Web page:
Businesses and Workplaces – COVID-19 Information

Last updated on October 19, 2020

Businesses who have questions about closures of workplaces or how emergency measures impact their business or employment can call the Stop the Spread Business Information Line at 1-888-444-3659. Help is available from Monday to Sunday from 8:30 a.m.―5:00 p.m.

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Being COVID Wise

Being COVID Wise is how we will be able to resume economic and social activities while COVID-19 is still in our community. Information and resources for businesses are available to help meet current regulations and adapt your workplace to be COVID Wise. As a workplace and business, being COVID Wise will help keep both customers and employees safer during the COVID-19 pandemic.  Thank you so much for your hard work and efforts to help keep our community healthy! 

The four principles of being COVID Wise are the basics of infection prevention and control: 

In a workplace setting, being COVID Wise means: 

  • Posting signage to remind everyone about physical distancing and wearing a mask
  • Following the mandatory mask bylaw 
  • Ensuring employees wear a mask whenever they cannot maintain 2 metre distance (including in break rooms and non-public spaces) 
  • Encouraging customers wear a mask in outdoor settings if they cannot maintain 2 metre distance  
  • Screening all employees for symptoms of COVID-19 before each shift and ensuring they stay home if they have symptoms or feel unwell 
  • Changing processes and/or using visible markers to ensure 2 metre physical distancing
  • Reminding employees and customers to maintain physical distance of 2 metres (six feet) at all times, and as much as possible
  • Providing hand sanitizer or hand washing stations for customers and employees 
  • Employees are informed/trained on the importance of all these measures

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An illustrated mask  Wear a mask

In a workplace setting, being COVID Wise about masks means: 

  • Following the mandatory mask bylaw 
  • Ensuring employees wear a mask whenever they cannot maintain 2 metre distance (including in break rooms and non-public spaces) 
  • Encouraging customers wear a mask in outdoor settings if they cannot maintain 2 metre distance  
  • Post signage to remind everyone about wearing a mask. 

The Temporary Mandatory Mask By-law requires that everyone (with some exemptions) wear a mask in indoor public spaces and in common areas of multi-unit residential buildings. Visit OttawaPublicHealth.ca/Masks to learn more about when to wear a mask and where you might be able to buy them.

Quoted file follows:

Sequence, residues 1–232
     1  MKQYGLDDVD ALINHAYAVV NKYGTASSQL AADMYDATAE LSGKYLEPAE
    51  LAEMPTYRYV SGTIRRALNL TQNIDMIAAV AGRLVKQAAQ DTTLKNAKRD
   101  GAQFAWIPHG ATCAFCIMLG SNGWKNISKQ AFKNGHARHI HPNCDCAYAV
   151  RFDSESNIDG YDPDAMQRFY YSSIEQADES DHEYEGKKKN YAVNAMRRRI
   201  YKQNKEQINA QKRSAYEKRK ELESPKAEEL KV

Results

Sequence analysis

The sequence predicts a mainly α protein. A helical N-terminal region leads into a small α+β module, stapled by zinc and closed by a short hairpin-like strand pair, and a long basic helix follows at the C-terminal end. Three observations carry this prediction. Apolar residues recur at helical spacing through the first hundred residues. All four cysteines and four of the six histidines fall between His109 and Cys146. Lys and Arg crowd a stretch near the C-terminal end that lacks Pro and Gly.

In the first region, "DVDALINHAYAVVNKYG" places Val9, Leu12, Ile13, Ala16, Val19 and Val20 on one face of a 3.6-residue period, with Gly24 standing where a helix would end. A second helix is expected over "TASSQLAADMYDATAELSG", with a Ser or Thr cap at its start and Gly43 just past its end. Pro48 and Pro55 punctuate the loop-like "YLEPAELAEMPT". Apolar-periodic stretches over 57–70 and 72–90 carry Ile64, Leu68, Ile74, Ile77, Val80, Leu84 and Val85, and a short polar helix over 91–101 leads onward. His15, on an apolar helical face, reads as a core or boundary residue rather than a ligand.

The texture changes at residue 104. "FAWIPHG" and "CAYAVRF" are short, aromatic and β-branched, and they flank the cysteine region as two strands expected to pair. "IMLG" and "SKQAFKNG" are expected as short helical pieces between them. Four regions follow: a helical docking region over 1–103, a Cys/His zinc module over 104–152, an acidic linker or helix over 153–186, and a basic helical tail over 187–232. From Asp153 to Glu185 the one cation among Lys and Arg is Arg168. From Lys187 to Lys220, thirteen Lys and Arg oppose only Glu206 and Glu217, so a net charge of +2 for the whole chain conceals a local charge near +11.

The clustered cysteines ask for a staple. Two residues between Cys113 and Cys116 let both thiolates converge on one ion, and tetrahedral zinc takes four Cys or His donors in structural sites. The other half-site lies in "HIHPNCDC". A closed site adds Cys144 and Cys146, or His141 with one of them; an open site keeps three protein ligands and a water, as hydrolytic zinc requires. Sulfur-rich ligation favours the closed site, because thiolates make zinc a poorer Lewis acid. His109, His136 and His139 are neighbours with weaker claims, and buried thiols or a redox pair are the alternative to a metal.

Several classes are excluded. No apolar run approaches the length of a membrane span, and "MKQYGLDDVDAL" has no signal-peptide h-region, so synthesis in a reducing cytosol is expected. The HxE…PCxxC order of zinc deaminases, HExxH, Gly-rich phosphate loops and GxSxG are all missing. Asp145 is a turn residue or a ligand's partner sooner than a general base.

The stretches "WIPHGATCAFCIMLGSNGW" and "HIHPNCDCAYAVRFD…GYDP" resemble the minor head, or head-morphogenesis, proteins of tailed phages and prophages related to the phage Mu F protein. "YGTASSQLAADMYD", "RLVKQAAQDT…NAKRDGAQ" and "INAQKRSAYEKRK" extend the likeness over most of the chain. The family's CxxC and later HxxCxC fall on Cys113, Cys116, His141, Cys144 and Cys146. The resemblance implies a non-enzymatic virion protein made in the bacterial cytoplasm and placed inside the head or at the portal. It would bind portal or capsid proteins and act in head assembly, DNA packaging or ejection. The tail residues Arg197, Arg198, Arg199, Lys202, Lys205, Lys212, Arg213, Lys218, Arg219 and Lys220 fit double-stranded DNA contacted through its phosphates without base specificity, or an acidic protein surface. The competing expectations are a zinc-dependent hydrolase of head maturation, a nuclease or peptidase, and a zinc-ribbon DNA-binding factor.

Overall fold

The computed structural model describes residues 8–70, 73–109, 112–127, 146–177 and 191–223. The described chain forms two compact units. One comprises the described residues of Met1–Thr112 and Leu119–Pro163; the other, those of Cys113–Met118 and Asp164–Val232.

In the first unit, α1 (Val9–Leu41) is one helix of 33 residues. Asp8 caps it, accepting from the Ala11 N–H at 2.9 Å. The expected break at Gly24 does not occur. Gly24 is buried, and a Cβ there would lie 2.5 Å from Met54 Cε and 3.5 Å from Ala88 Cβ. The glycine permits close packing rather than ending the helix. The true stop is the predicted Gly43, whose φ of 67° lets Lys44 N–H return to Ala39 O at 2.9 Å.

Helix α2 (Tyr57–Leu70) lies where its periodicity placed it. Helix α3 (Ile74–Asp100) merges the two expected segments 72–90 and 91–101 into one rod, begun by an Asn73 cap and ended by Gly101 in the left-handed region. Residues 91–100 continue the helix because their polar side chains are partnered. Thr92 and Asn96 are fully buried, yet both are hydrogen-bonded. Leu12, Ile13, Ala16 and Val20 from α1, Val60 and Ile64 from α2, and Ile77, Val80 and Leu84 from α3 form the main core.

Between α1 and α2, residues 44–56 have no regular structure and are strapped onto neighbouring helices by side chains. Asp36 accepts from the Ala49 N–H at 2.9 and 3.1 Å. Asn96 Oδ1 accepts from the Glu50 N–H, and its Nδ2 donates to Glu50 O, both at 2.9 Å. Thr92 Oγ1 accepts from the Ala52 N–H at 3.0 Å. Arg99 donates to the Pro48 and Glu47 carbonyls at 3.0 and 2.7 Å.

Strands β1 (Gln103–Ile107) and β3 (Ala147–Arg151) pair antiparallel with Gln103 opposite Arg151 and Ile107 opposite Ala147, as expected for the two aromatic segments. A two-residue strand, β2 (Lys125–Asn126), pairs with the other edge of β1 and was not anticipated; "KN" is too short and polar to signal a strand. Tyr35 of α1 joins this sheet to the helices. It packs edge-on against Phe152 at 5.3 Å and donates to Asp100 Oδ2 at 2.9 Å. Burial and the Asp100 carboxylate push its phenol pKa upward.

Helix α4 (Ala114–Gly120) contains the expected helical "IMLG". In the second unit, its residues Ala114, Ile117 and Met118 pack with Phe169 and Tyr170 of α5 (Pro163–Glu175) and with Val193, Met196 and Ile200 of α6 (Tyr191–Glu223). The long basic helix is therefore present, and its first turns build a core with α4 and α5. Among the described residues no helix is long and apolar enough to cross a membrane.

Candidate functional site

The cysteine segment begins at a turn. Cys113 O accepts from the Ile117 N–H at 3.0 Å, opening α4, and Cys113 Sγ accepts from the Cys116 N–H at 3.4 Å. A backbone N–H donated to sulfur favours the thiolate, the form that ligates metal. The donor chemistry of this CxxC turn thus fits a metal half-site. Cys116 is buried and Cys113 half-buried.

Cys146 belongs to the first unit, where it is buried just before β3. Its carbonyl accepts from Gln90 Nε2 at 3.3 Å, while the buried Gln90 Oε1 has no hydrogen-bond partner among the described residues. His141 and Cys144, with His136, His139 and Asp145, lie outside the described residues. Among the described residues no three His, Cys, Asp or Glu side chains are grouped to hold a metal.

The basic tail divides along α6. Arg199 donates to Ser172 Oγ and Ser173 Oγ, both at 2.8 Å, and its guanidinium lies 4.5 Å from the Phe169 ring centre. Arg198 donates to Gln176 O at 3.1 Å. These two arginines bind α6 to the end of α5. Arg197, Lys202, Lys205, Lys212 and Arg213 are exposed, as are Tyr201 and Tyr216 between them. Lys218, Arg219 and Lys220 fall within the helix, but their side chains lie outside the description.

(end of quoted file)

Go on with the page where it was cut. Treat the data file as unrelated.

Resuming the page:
Temporary Mandatory Mask By-law

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An illustration of a person staying home when sick  Isolate yourself when you're sick

To ensure employees are well and fit for work:

Encourage customers to do their own health assessment and do not permit entry into your establishment if they have symptoms by posting signage at your entrance. 

Encourage your customers and employees to download the COVID Alert app today to protect yourself and others.  The app can let people know of possible exposures before any symptoms appear.

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Two illustrated people with a two metre double ended arrow between them  Stay two metres (six feet) apart from others

Develop a physical distancing plan. Think about how you will maintain distance between customers and employees. Display the details of your plan clearly throughout your business and at the entrance.

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an illustration of hands being washed  Exercise proper hand hygiene

  • Display posters promoting hand-washing and respiratory hygiene
  • Businesses are required to make alcohol-based hand rub available at all entrances and exits as part of the Temporary Mandatory Mask By-law.
  • Follow Public Health Ontario cleaning guidance to keep workplaces clean and hygienic.  Increase frequency of cleaning high-touch surfaces such as elevator buttons, door handles keyboards, mouse, phones, desks, computers, seating areas, lunch tables, kitchens, washrooms, etc.

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Adapting your business for COVID-19

Plan for the potential impact of COVID-19 in your workplace by considering the following actions:

  • Identify possible work-related exposure and health risks to your employees and how to reduce these risks.